This was certainly an accomplished debut novel. It starts relatively slowly which draws you in. As the pace of the investigation ramps up so does the pace of the novel. The writing flows naturally, especially the conversation elements. However there were an awful lot of characters which it was sometimes hard to keep track of in the middle, but as the story progressed things slotted into place.
I liked the characters of Jake Porter and Nick Styles. They complemented each other very well and I enjoyed the banter between them. The story itself is also good, you know early on who the ‘baddies’ are but as the story progresses as with all good crime fiction things are never quite what they seem.
Overall this was a good read and I look forward to reading more featuring Porter and Styles. It was also a fantastic closing event to a great festival.
I’m sat here typing this in front of my laptop which has a little camera hole at the top. I have to say I am rather freaked out having just finished The Intrusions by Stav Sherez. I have read Stav Sherez’s previous novels and thoroughly enjoyed them so after hearing him talk in Hull I had to break my self-imposed ban on buying any more books (that day) and picked up a copy of the The Intrusions. I’m glad I did, despite it freaking me out a little.
The Intrusions starts when a clearly distressed young woman arrives at the station claiming her friend has been abducted and that the man is going to come back for her. At first it seems to Detectives Carrigan and Miller that it is a case of someone abducting woman from a back packers hostel. However it soon becomes much more sinister. It is tricky to say more about the story without giving anything away, but it involves online stalking and webcams.
I am a big fan of this pair of detectives. Geneva Miller is a strong woman who despite her occasionally annoying habits I really like. The pairing with the slightly gruff and reckless Jack Carrigan works really well.
The plot is fascinating. It is a story that you think is going to be one thing, yet twists and turns into something else entirely. One of the things I really like about these novels is the style of writing which seems to flow effortlessly. Whilst it is clearly fiction by the end you feel like you have learnt something and somehow your thoughts on society have changed slightly. I like novels that make you think differently, and this will certainly do that. However this in no way detracts from the story which kept me gripped throughout. It was a very modern thriller that is all the more scary because of the very real premise it is based on.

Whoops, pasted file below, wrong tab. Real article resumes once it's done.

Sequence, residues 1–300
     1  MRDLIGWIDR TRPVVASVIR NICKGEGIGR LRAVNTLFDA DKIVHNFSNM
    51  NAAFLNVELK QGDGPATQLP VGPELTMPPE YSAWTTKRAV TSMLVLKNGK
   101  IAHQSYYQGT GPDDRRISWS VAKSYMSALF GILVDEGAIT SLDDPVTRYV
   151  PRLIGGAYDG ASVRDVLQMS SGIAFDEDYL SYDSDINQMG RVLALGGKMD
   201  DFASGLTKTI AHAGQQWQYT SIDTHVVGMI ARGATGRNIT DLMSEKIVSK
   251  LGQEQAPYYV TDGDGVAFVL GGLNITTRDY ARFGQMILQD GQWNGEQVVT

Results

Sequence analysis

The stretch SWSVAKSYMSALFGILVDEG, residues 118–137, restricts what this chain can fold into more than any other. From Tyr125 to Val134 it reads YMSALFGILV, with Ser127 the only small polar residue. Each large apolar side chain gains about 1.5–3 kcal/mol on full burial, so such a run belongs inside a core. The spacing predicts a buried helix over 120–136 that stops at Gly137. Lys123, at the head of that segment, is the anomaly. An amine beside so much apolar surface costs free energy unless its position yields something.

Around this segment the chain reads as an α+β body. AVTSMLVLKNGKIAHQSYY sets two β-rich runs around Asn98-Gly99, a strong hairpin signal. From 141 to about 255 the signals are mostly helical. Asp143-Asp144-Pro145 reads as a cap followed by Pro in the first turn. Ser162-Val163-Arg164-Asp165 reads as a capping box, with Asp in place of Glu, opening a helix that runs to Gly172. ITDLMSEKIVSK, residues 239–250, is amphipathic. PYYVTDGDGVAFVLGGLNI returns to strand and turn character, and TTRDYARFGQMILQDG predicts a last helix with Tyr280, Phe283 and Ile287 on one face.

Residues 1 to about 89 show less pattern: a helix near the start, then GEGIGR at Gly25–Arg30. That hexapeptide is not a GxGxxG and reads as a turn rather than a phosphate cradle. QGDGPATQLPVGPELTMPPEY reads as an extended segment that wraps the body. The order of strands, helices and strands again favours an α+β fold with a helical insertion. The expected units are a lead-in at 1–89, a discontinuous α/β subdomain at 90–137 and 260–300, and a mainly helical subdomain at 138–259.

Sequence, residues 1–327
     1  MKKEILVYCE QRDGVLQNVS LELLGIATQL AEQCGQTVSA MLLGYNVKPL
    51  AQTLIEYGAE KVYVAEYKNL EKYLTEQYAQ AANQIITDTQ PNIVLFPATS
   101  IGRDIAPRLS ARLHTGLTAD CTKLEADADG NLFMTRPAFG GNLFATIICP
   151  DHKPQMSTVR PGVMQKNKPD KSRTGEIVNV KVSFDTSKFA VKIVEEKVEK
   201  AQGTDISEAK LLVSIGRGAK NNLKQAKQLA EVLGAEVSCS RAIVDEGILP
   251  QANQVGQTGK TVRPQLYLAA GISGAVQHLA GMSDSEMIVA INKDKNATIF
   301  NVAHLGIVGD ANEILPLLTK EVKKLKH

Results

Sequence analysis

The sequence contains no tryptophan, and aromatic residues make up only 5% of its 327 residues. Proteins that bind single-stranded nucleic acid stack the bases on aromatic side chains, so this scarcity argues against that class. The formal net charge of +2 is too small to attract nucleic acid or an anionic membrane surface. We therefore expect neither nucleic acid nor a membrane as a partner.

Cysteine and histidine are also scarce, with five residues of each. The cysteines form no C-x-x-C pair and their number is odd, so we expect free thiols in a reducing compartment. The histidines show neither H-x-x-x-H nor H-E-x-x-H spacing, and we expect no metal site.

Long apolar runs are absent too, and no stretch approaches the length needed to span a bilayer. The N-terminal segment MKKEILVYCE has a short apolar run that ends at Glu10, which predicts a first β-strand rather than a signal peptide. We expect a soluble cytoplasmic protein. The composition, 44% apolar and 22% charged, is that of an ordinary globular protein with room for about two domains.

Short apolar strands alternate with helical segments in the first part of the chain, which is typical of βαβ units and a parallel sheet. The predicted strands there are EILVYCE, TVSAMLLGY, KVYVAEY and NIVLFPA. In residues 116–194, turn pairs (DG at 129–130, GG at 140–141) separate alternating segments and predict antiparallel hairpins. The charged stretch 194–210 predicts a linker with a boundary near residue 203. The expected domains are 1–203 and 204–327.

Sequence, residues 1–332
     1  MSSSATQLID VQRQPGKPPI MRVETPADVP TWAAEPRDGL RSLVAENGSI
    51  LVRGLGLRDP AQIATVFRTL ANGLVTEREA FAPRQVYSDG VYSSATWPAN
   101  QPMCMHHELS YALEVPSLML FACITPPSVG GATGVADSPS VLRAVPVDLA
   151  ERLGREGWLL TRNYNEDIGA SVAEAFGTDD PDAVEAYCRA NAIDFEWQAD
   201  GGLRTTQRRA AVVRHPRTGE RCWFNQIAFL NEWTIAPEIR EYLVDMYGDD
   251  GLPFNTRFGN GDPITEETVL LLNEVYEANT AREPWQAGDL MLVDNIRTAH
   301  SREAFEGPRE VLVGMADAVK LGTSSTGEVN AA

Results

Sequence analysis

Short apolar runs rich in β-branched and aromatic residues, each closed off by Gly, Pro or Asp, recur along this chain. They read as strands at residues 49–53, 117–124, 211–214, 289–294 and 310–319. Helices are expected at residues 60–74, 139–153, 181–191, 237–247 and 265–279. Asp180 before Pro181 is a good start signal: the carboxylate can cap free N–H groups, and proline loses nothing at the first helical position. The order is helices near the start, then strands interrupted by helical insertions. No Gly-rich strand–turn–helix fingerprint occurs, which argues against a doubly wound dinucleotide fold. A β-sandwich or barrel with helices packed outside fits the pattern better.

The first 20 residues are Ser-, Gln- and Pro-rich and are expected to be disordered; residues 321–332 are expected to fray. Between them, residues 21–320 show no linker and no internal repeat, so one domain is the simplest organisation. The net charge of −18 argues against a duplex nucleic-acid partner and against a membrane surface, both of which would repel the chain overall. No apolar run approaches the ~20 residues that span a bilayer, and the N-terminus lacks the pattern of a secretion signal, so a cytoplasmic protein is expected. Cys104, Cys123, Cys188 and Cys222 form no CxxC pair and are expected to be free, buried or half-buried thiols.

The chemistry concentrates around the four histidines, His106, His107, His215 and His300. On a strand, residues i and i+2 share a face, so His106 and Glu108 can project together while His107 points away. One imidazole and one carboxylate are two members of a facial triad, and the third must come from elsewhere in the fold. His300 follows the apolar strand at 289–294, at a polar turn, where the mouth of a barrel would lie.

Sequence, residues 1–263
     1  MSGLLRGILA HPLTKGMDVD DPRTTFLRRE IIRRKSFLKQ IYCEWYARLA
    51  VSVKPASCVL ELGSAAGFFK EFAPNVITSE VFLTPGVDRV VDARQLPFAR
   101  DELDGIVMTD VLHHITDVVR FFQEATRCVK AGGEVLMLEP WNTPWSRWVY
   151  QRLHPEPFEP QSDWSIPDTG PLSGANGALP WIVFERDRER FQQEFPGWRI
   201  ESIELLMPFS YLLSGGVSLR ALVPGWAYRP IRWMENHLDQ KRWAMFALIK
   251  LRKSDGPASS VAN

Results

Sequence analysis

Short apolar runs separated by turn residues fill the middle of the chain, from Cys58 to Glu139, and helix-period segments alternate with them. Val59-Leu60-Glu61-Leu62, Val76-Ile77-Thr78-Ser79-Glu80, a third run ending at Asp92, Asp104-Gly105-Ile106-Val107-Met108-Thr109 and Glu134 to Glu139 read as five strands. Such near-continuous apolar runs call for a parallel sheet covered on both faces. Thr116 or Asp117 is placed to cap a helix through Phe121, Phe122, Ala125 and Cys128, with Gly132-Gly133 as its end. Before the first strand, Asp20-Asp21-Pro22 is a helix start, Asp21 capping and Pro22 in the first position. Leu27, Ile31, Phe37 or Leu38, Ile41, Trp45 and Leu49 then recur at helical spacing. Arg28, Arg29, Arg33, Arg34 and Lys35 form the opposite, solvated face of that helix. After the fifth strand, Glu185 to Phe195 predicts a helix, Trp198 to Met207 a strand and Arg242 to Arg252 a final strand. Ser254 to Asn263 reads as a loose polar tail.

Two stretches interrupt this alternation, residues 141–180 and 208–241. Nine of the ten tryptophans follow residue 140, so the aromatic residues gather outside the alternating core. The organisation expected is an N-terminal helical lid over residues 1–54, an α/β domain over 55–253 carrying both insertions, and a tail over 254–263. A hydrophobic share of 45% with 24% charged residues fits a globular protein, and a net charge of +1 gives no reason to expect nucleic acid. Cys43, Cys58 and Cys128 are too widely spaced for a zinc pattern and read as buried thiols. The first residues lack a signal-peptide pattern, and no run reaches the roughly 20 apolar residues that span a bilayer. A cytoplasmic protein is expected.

This is the third novel to feature Carrigan and Miller however I think it would still work well as a standalone. If you like police procedurals with a modern day moral tale included then I would thoroughly recommend those by Stav Sherez. However you might want to disable your laptop camera before you start reading!
I picked up a copy of this from Netgalley ages ago and for some reason I kept overlooking it. Until a trip to Newcastle where there was no wifi in my room and I hadn’t updated my kindle recently and this was at the top of the list. Well once I started I couldn’t stop.
The Fourth Monkey is about a killer who sends body parts of his victims to the police to taunt them. First they get an ear, then the eyes following the ‘see no evil, hear no evil and speak no evil’ monkeys. Detective Porter has spent 5 years chasing the 4MK (4th Monkey Killer) whilst also dealing with a tragedy in his personal life. Just when he thinks he will have to give up, the police seem to get a big break. So starts a race against time to find the next victim.
This was a really gripping novel, that I felt had that great combination of gruesome murder and humour. I like a serial killer story, and read a lot. Therefore to find one that to me felt a bit different is a real bonus. There were some great one liners in this book that made me chuckle, especially in the interaction of the detectives. The story also includes a diary of the young 4MK and details his relationship with his parents and how his childhood was. Personally I wasn’t as keen on the diary element as I was on the rest of the story, mainly because it makes some very uncomfortable reading. Yet it also gives you an insight into the killers childhood that almost make you feel a bit of sympathy for him.
This is definitely not a book for the feinthearted. There was a scene with a rat which made me squirm. However it is a great read that I would highly recommend if you like a gruesome story with a touch of humour.